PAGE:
“This report on current practice to prevent early-onset neonatal Group B Streptococcal disease in the UK is an important contribution to efforts in maternity services to reduce the incidence of neonatal infections.

“Maternity services should follow national guidelines on the topic, including the RCOG Green-top guideline on the prevention of this disease.

“This report highlights the need to improve the consistency of preventive care for EOGBS in UK maternity units as it has identified marked variations in some areas of practice.”

Louise Silverton, director for midwifery at The Royal College of Midwives, said:

“This is a welcome report looking at current practice around a topic that is important to health professionals, women and their babies. It highlights the challenges in implementing guidelines as well as inconsistencies in information provided to women and the actual practice taking place on maternity wards.

“I hope that this will stimulate individual units to review their processes so that midwives and doctors are working together to produce multi-disciplinary guidance and evaluation of the information given to women. This in turn will increase the ownership of guidelines and lead to increased compliance with the agreed processes and guidelines.

“To this end the education of all staff who work in maternity services is key to ensuring consistency in practice and both the RCM and RCOG will be working together to raise awareness about this amongst our members.

“Enabling women to have greater continuity in their care, and continuity of carer will contribute significantly to improving outcomes for women. This will enable the midwife to know the women and her circumstances well and detect changes or developing problems. This is also of course dependant on having the right number of midwives to ensure continuity of carer can happen.”

Dr Anne Mackie, Director of Programmes for the UK National Screening Committee said:

“The UK NSC welcomes this audit and recognises the importance of the RCOG and NICE guidance in advising which women should be offered antibiotics to avoid passing GBS infection onto their babies.

“Following the guidance plays a crucial role in preventing GBS infections and the focus needs to be on ensuring that all women identified as at risk are managed in line with this.”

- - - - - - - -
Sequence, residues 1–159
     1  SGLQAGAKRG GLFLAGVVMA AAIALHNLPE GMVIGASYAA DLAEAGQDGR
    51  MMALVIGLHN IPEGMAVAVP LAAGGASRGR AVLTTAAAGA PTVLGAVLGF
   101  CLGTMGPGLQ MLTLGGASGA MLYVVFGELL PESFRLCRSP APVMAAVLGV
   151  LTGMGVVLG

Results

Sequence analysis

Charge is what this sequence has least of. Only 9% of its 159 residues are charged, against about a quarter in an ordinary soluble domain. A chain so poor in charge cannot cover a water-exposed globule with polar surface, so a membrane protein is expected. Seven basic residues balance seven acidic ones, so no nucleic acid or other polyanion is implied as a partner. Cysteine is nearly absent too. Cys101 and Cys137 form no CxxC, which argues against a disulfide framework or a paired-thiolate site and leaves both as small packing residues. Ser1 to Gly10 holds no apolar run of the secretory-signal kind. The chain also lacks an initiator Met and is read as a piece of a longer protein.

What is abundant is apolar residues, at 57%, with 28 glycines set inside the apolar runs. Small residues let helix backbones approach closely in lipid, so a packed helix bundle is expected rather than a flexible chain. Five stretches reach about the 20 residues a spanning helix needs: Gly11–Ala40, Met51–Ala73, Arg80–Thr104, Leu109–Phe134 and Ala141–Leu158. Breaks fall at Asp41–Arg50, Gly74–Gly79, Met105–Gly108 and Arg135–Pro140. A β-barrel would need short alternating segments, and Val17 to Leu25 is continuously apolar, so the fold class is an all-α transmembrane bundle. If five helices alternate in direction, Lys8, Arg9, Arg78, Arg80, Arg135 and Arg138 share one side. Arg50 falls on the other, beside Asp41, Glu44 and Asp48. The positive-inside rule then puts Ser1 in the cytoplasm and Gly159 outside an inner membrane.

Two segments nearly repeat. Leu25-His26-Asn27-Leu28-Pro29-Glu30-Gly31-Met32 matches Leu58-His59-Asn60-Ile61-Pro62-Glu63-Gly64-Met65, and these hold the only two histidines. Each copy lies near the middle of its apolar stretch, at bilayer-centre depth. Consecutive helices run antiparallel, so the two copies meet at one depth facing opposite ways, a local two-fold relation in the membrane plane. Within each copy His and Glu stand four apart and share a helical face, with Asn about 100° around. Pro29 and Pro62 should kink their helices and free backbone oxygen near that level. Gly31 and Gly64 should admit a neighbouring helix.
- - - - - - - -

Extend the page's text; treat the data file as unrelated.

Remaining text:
For further information, please contact the RCOG Media and PR team on +44 20 7772 6300 or email

The RCOG Green-top Guideline on EOGBS is available here

For further information on why screening for GBS is not recommended in the UK see information from the UK National Screening Committee.

Read the GBS audit key messages.

Notes to editors

The London School of Hygiene & Tropical Medicine is a world-leading centre for research and postgraduate education in public and global health, with 3,900 students and more than 1,000 staff working in over 100 countries. The School is one of the highest-rated research institutions in the UK, and was recently cited as the world’s leading research-focused graduate school. Our mission is to improve health and health equity in the UK and worldwide; working in partnership to achieve excellence in public and global health research, education and translation of knowledge into policy and practice.

The UK National Screening Committee is independent of, but supported by Public Health England.

Public Health England exists to protect and improve the nation's health and wellbeing, and reduce health inequalities. It does this through world-class science, knowledge and intelligence, advocacy, partnerships and the delivery of specialist public health services. PHE is an operationally autonomous executive agency of the Department of Health.

The Royal College of Midwives is the only trade union and professional association dedicated to serving midwifery and the whole midwifery team. We provide workplace advice and support, professional and clinical guidance and information, and learning opportunities with our broad range of events, conferences and online resources. For more information visit the RCM website.